EagleTribune.com, North Andover, MA

December 7, 2012

Injuries have robbed NBA of a generation of gifted big men

NBA reeling from premature loss of generation of super-sized centers

Pro Basketball
Michael Muldoon

---- — It’s gotten so bad, it almost doesn’t seem terribly surprising that Andrew Bynum’s NBA career could be ended by an injury.

A bowling injury!

With his series of knee injuries and several other freak injuries to highly-touted prospects, elite NBA big men are a dying breed.

These are the giants who define the sport: George Mikan, Bill Russell, Wilt Chamberlain, Kareem Abdul-Jabbar, Bill Walton, Moses Malone, Hakeem Olajuwon, David Robinson, Patrick Ewing, Shaquille O’Neal and Tim Duncan.

The League has to be sweating this fact like Ewing in overtime.

Great big men come along maybe once every 5-10 years. Perennial All-Stars maybe every couple years. But every “Next Great Big Man” seems to be hobbled or just finished due to a freakish run of bad luck and bad injuries.

Shaq, all 7-foot-1, 325-plus pounds of him, had his last 20 points, 10 rebounds season in 2004-05. The great Duncan is wrapping up his Hall of Fame career.

The Lakers’ Dwight Howard is the throwback big man. Big and strong and agile, he puts the fear of God in you. After him? Nobody.

The Rockets’ 7-6, 310-pound giant Yao Ming would have gone down with the legends. But foot and ankle injuries had the modern-day Walton playing just five games after age 28.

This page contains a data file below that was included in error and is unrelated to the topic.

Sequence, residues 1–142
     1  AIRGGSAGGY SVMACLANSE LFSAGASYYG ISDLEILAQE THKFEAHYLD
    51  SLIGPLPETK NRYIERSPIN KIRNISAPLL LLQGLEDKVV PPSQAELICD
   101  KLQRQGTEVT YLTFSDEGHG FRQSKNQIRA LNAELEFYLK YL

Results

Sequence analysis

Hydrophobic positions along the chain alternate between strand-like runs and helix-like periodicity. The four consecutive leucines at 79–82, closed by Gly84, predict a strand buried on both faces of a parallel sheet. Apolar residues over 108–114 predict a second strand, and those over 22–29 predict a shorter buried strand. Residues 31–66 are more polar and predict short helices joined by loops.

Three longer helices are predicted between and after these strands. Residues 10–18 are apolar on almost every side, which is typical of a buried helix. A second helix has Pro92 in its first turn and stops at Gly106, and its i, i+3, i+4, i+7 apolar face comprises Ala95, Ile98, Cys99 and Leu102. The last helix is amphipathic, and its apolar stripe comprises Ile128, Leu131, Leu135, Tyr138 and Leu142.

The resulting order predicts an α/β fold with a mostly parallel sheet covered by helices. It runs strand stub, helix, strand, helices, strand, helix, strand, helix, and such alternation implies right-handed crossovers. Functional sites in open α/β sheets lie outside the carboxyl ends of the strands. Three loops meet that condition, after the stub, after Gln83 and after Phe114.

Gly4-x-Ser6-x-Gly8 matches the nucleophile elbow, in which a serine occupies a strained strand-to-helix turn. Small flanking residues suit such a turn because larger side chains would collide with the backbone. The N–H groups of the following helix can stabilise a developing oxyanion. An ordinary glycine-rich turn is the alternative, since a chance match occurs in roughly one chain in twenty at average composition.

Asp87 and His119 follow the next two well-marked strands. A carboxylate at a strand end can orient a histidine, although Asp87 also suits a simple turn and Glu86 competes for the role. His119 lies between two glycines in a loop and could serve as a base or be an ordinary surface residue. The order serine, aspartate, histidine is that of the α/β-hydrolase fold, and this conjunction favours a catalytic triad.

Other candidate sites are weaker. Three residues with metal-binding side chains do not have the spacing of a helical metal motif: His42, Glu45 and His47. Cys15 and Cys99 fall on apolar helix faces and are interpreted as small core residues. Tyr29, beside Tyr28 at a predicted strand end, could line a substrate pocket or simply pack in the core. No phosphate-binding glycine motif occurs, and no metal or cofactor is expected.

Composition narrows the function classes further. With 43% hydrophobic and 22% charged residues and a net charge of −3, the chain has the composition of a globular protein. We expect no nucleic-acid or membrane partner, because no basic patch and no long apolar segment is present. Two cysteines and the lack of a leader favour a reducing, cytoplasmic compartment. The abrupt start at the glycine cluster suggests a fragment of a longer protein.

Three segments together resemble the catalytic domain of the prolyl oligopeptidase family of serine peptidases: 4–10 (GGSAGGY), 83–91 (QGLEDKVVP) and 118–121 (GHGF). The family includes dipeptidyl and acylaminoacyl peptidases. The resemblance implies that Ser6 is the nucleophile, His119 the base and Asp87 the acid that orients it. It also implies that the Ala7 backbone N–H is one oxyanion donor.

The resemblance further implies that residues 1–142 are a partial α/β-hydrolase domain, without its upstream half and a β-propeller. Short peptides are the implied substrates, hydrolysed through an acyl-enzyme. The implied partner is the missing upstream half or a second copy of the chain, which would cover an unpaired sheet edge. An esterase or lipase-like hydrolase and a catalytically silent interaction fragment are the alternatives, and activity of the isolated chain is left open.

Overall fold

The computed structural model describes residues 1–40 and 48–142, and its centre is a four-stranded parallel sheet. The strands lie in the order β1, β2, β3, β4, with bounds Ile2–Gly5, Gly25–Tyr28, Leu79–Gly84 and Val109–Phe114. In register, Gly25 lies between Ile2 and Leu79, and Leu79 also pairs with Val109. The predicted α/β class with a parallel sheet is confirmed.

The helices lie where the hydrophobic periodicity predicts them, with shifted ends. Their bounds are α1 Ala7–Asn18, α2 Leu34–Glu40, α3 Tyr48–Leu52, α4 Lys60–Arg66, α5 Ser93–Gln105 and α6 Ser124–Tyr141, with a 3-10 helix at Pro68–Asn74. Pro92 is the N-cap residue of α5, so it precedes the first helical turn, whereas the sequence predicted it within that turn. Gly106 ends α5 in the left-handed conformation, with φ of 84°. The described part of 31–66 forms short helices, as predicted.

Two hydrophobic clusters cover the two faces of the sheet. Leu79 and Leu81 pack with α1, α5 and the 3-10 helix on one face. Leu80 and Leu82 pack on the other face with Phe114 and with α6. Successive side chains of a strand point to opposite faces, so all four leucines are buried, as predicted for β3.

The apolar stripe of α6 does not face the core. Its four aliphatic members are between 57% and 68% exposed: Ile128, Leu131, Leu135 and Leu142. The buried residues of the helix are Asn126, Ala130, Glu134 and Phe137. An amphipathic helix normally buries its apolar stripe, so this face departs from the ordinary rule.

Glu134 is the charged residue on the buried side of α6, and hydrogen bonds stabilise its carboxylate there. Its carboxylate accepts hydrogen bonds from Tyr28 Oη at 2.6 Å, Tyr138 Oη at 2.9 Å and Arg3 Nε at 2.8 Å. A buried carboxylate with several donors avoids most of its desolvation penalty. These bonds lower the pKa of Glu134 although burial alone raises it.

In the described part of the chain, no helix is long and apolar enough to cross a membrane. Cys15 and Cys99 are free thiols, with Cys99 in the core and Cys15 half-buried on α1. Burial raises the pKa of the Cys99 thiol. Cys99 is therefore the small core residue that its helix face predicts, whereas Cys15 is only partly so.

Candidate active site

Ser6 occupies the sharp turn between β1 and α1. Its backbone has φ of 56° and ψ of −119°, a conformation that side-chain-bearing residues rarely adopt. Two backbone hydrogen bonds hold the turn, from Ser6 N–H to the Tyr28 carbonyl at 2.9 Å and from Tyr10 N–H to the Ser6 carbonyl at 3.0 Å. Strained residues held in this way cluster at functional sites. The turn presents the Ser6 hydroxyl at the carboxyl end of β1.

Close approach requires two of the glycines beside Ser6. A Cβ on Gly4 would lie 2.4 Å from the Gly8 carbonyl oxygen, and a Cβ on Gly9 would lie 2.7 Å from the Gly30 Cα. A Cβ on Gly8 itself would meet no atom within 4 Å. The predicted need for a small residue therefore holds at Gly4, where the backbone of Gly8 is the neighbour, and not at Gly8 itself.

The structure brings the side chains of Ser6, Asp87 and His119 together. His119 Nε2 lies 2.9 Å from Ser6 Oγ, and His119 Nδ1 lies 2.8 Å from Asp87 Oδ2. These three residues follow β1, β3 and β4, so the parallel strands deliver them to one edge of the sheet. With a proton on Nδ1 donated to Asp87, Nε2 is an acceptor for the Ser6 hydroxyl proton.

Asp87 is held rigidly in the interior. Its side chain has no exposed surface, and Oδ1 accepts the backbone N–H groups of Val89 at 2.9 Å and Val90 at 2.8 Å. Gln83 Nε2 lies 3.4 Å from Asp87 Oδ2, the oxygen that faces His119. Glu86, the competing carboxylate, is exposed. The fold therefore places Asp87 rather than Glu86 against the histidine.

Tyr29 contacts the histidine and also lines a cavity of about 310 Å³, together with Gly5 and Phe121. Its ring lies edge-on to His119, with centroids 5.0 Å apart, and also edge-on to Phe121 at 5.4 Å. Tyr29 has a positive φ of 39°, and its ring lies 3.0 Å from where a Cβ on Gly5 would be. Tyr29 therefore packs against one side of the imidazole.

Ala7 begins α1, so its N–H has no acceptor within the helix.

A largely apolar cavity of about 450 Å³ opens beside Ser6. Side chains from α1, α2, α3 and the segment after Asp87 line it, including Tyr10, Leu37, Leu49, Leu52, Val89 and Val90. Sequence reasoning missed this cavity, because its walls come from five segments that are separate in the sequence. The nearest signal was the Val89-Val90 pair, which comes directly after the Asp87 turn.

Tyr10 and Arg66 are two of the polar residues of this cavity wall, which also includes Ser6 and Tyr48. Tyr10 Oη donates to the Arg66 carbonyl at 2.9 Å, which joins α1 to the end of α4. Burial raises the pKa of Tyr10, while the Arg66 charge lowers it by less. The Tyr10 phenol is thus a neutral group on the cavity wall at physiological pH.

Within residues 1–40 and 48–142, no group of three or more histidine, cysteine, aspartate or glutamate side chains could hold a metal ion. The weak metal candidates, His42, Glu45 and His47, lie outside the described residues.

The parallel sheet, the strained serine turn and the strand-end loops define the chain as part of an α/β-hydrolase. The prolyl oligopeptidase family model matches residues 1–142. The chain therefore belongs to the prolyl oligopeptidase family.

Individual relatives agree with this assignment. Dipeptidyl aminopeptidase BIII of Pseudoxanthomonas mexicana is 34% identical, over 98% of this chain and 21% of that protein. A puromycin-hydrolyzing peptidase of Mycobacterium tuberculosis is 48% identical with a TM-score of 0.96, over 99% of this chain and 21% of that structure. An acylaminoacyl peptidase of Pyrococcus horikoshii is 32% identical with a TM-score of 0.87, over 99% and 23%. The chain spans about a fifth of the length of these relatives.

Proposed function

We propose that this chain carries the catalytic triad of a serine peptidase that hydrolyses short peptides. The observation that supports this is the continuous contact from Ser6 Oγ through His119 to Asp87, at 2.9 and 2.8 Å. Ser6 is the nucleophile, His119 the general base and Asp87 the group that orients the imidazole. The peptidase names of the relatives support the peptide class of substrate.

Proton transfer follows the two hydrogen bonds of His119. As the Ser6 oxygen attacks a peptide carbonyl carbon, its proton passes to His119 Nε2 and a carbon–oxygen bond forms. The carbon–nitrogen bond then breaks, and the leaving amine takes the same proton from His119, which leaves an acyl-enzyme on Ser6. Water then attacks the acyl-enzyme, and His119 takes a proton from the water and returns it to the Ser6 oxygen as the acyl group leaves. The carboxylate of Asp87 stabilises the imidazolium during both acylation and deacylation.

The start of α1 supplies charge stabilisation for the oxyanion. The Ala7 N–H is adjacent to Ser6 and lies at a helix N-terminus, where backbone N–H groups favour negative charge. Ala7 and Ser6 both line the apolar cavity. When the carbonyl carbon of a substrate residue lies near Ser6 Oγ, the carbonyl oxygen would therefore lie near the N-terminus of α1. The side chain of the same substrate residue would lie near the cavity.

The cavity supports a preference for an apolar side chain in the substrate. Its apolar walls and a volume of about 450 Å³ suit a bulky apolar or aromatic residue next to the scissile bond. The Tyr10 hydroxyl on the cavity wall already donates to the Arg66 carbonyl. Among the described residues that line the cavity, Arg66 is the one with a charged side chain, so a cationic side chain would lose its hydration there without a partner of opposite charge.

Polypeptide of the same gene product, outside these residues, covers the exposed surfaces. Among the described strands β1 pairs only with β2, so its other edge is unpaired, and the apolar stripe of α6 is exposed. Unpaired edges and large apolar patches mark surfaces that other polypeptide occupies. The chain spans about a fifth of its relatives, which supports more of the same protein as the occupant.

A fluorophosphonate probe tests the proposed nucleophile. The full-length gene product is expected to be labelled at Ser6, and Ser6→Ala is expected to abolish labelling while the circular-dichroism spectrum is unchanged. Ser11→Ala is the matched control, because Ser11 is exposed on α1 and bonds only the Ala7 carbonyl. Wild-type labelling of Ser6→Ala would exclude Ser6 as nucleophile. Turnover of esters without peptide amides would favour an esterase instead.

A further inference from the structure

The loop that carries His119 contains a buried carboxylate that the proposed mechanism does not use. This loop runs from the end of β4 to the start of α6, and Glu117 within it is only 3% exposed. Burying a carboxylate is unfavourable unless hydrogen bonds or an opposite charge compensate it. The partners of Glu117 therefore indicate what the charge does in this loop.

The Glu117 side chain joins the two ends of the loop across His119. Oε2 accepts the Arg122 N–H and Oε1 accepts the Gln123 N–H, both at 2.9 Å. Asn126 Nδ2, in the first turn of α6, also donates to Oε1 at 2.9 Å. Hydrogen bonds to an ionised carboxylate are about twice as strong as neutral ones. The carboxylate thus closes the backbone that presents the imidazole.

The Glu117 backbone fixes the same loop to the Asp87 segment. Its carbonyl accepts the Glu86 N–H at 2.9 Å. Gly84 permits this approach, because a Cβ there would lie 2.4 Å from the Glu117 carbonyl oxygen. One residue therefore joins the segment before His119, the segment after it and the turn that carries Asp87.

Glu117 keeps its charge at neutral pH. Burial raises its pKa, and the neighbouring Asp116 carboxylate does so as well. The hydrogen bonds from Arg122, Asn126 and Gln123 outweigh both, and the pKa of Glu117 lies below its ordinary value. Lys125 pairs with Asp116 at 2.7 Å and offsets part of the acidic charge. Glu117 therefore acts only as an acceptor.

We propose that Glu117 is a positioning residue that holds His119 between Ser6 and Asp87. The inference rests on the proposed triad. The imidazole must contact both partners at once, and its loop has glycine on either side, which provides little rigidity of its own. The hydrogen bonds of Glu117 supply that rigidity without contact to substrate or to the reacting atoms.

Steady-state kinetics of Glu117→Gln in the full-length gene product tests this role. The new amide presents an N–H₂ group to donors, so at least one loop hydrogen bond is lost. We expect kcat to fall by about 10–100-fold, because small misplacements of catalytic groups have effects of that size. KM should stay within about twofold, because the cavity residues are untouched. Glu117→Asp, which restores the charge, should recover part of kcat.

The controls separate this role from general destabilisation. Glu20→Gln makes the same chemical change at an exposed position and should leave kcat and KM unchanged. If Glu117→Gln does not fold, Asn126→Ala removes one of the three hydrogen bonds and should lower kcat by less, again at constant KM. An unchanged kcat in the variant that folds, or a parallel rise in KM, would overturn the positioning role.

So big, so gifted with the Chinese roots, the premature demise of the Ming Dynasty undoubtedly cost the NBA billions of dollars worldwide.

At least Greg Oden was on the way. High school experts ranked him perhaps just an eyelash behind LeBron James as the top schoolboy player since Shaq in the late ‘80s.

But a series of knee injuries may have ended the career of the 7-foot, 285-pounder, who at the age of 19 was taken No. 1 ahead of Kevin Durant in 2007. He’s played 82 games (the equivalent of one full season). Chances are he’ll never play in the league again.

A not insignificant group claimed Bynum is, or at least could become, better than Howard. Light on his feet with some fine low post moves, the 7-foot, 270-pound Bynum was an emerging force still in his early 20s. Celtic fans learned that the hard way in the 2010 NBA finals.

But he, too, has been dogged by injuries. When you suffer a serious injury bowling, well, that’s never a good sign. The ex-Laker star is now with the 76ers and the disconcerting reports keep on coming.

Give him another month and another month. Didn’t we hear this with Oden and Walton and Ming?

The NBA losing Yao Ming, Greg Oden and Andrew Bynum would be like the NFL losing Tom Brady, Peyton Manning and Drew Brees in their early 20s.

The buzz around Darko Milicic was deafening. Some even said Cleveland might take him No. 1 over prodigal son LeBron. He went No. 2 ... but that was over guys like Dwyane Wade and Carmelo Anthony.

The 7-foot Serb was nothing more than a journeyman, leaving fans wondering for the last decade what all the hype was about.

A series of other projected All-Star types never panned out